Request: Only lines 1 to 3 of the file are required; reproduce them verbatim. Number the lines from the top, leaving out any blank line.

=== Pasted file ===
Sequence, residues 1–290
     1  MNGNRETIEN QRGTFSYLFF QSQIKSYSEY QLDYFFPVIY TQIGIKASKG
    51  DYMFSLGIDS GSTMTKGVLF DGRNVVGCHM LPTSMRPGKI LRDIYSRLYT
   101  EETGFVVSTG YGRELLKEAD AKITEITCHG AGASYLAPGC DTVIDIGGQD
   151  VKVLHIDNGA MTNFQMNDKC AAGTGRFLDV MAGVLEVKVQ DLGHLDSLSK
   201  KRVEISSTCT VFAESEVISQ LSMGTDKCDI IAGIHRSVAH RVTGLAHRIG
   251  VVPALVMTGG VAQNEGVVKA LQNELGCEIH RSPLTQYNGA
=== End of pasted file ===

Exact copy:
Sequence, residues 1–290
     1  MNGNRETIEN QRGTFSYLFF QSQIKSYSEY QLDYFFPVIY TQIGIKASKG
    51  DYMFSLGIDS GSTMTKGVLF DGRNVVGCHM LPTSMRPGKI LRDIYSRLYT